DevLearn evaluation: The gap is widening: We are in a crisis!


DevLearn 2014 is over. I’m sitting in the pool area of the Bellaggio hotel writing this evaluation. Beautiful wheater, the temperature is in the eighties (29 Celsius). In an hour I will leave for Indianapolis to visit a partner of easygenerator. I will go from crazy Halloween Vegas to a serene lake house and from 84 degrees to night frost. That is quite a difference to bridge. In a way this is an analogy for my experience at DevLearn and the state of our industry.

During DevLearn I found that there is a huge gap between the presenters and the audience. I did notice that gap at other conferences as well, but in my opinion that gap is widening. And I believe that the gap with the real world and the business reality is even bigger. Let me explain.

The majority of the presenters is telling the audience that we need to integrate learning into the business, that we need to move from courses to performance support and knowledge management, that we need to go from designed content to user generated courses. The audience are L&D managers that are planning next year’s curriculum and instructional designers that want to create pixel perfect courses. They hear these stories but it is my impression that many of them even do not know where to start. Maybe this is a bit black and white image of the reality, but I’m afraid that is not far off from the reality.

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Is this a bad thing? Yes and no. Yes because our industry is at risk becoming irrelevant to the business. No because a crisis is the only thing that will bring radical changes and in my mind we need at least radical changes, you might even call it a revolution.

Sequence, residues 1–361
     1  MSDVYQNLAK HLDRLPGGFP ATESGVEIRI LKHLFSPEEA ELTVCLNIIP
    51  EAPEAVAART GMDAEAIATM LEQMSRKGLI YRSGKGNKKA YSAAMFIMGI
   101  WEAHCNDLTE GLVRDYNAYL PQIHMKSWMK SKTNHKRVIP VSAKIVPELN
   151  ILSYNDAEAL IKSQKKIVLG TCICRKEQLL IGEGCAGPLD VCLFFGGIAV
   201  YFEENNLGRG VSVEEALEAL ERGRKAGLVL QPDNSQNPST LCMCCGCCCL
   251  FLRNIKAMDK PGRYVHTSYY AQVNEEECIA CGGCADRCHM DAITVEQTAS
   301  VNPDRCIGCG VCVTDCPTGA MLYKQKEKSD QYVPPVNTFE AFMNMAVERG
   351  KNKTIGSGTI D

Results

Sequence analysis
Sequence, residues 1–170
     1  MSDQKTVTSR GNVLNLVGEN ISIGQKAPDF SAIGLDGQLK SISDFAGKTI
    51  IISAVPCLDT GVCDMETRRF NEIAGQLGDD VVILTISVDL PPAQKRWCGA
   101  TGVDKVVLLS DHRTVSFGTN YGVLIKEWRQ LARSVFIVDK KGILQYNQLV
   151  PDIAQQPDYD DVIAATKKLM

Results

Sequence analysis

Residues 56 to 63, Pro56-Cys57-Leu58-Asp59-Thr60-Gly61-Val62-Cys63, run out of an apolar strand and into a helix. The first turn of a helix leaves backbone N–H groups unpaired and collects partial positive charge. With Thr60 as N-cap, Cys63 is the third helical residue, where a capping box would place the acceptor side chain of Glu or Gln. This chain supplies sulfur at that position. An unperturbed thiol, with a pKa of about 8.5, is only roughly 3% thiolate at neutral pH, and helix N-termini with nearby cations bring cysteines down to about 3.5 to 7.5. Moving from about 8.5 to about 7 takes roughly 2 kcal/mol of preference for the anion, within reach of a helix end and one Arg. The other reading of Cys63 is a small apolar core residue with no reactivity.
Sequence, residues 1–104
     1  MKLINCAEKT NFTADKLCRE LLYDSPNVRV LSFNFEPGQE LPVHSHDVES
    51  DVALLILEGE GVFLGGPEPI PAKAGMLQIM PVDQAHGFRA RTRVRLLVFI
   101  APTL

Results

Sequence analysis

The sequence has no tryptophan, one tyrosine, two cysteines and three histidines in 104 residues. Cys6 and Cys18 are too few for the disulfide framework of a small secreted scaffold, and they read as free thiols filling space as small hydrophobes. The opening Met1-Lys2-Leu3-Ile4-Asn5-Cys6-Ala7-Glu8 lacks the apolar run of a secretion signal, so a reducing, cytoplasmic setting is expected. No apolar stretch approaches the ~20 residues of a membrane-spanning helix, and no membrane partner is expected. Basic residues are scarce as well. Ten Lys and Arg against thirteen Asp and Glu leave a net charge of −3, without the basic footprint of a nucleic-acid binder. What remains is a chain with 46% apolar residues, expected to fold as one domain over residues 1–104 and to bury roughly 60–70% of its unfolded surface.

Does this mean that this was a bad conference, no not at all. I learned a lot and got some new insights. I attended some great sessions and had great conversations. One of the most inspiring presentations was from J.D. Dillon on how Kaplan switched from 700 courses and PDF’s to a 70.000 page user generated wiki in two years time. An example that radical change is possible. So there still is hope.

Here is an overview of the sessions reports I wrote these last three days:

Morning buzz session on knowledge management
Keynote: Niel de Grasse Tyson: Science literacy and the future of work
Session: Learning and performance ecosystems
Session: Trends leading to the end of the LM
Keynote: Beau Lotto. How perception shapes the universe of the mind
Session: Graig Weiss: top 10 authoring tools of 2014
Session, Lisa Minogue: What organizations can learn from the MOOC experience
Session: The impact of wearable technology on performance support
Morning buzz: WYSIWYG is dead
Session. Transform users into contributors

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